Philippines pt.2: WWII weapons used 1946-2018

(part 2 of a 2-part series)

After achieving independence from the United States ten months after the end of WWII, the military of the Philippines was infused with a variety of WWII American weapons, some of which are still in use in 2018.

2018training

(Recruits train with a mix of M16s and M1 Garands in 2018.)

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(Philippines army soldiers display weapons captured from Abu Sayyaf in 2017 including a pair of M1 Garands, one of which has been spray-painted glossy black.)

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Philippines pt. 1: “Mickey Mouse Money” after WWII

(part 1 of a 2-part series)

Every nation that participated in WWII had effects on it’s economy after the war ended. For the Philippines, an unfortunate combination of circumstances meant that these effects lasted longer than probably anywhere else, and most curiously the money itself (the physical printed cash) was an issue decades later.

rizalFeb1945reb1946

(American soldiers behind a M4 Sherman advance down the right field foul line of Rizal Stadium in February 1945. The ballpark had been converted into a HQ by Japanese forces. For the Philippines, the occupation was ending but the post-WWII monetary woes were just beginning.)

japwancapnotes

(A stack of old Japanese Invasion Money stamped by the failed JAPWANCAP scheme of the 1950s.)

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WWII weapons in Yemen’s civil war

The country of Yemen, currently (2018) in the midst of yet another civil war, has had a long involvement with guns of the WWII era. While the AK-47 is king of the battlefield, some old WWII weapons are still in use.

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(The now somewhat-famous Yemeni “ripcord T-34” in November 2016.)

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(Houthi fighters brandishing weapons in 2015, including to the left a WWII British Enfield No4 Mk.I rifle.)

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a Gato under the Rising Sun

During WWII, the Imperial Japanese Navy’s submarine force was more advanced than it is often given credit for today – mostly, due to it being overshadowed by the successes of American and German subs during the war.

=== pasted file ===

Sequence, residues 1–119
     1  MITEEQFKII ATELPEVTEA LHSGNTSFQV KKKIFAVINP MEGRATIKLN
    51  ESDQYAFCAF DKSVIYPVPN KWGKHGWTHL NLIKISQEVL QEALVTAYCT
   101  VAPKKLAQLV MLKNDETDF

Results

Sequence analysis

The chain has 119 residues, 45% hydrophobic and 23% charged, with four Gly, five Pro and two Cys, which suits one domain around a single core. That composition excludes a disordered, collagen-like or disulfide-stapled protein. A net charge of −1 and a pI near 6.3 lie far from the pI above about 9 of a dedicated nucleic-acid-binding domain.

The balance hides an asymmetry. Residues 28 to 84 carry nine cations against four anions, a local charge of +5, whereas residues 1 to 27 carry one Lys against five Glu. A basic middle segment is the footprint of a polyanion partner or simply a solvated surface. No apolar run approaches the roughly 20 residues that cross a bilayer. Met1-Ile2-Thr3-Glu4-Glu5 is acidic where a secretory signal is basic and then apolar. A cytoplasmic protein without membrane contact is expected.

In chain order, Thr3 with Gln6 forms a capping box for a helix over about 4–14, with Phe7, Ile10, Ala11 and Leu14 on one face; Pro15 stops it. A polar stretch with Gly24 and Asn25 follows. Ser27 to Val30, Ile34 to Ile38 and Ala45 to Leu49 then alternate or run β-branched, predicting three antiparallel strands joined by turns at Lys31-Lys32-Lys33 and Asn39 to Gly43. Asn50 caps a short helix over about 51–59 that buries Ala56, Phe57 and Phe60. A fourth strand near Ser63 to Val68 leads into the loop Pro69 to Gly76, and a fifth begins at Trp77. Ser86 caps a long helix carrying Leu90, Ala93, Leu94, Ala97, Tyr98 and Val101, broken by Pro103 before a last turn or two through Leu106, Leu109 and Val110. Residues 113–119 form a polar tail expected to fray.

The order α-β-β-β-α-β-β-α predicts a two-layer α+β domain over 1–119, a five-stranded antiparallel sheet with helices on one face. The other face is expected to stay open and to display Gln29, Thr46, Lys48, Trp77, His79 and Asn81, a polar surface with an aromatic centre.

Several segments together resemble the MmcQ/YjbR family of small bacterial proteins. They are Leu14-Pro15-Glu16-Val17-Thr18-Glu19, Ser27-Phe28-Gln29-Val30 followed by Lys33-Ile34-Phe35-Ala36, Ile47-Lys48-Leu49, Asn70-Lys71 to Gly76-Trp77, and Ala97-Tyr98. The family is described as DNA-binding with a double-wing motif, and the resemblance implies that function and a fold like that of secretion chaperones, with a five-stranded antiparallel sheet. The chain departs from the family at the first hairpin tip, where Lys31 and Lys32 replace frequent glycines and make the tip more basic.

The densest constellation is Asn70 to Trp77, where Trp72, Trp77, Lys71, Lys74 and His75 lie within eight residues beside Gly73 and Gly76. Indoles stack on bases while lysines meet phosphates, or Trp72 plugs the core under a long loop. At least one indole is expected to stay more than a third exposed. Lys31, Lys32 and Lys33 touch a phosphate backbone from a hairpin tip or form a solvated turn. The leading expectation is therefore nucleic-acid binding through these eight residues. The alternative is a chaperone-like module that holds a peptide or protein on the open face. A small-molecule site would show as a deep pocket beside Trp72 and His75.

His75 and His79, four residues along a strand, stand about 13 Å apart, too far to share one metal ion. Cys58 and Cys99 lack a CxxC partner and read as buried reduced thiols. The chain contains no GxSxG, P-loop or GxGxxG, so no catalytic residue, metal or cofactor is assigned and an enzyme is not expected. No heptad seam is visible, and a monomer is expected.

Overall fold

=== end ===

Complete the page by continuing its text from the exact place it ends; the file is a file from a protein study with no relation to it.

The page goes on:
Japan’s submarine force ceased to exist with the end of WWII. That it was later resurrected during the Cold War was by no means a certain thing, nor was it easy. The rebirth of the Japan Maritime Self-Defense Force’s (JMSDF) undersea wing is largely forgotten today, and even more so that it started with a submarine which itself had fought against the empire during WWII.

gato

(The US Navy’s Gato class of WWII.)

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(The JMSDF’s first submarine, the Gato class Kuroshio, ex-USS Mingo of WWII.)

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flow of WWII weapons after the war

Since starting wwiiafterwwii, I have wanted to do something on this topic but was unsure how to approach it. I am interested in how WWII weapons performed in battle against Cold War replacements. But also, it is fascinating to consider how they ended up where they did after WWII……how did a Garand built to fight Imperial Japan end up in the Somali desert in the 1970s, or how did a Waffen-SS sturmgewehr end up in 21st century Damascus?

interarmco

(An ex-Wehrmacht NbW 42 Nebelwerfer with Interarms markings in the 1960s.)

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WWII weapons in Tanzania

Formerly one of Great Britain’s eastern African colonies, Tanzania used WWII-era equipment throughout the later 20th century including a late-1970s war against Uganda.

garrattInternationalsteamCoUk

(Mt. Kilimanjaro is the highest point of Africa and the only part of Tanzania to receive snow. East Africa Railways continued in dwindling existence after WWII, including the wartime Garratt steam locomotives. The defunct company’s rail lines were a great logistics asset to Tanzania during the 1978-1979 Kagera war.) (photo via internationalsteam.co.uk website)

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(WWII-vintage PPSh-41 submachine gun of the Tanzanian army.)

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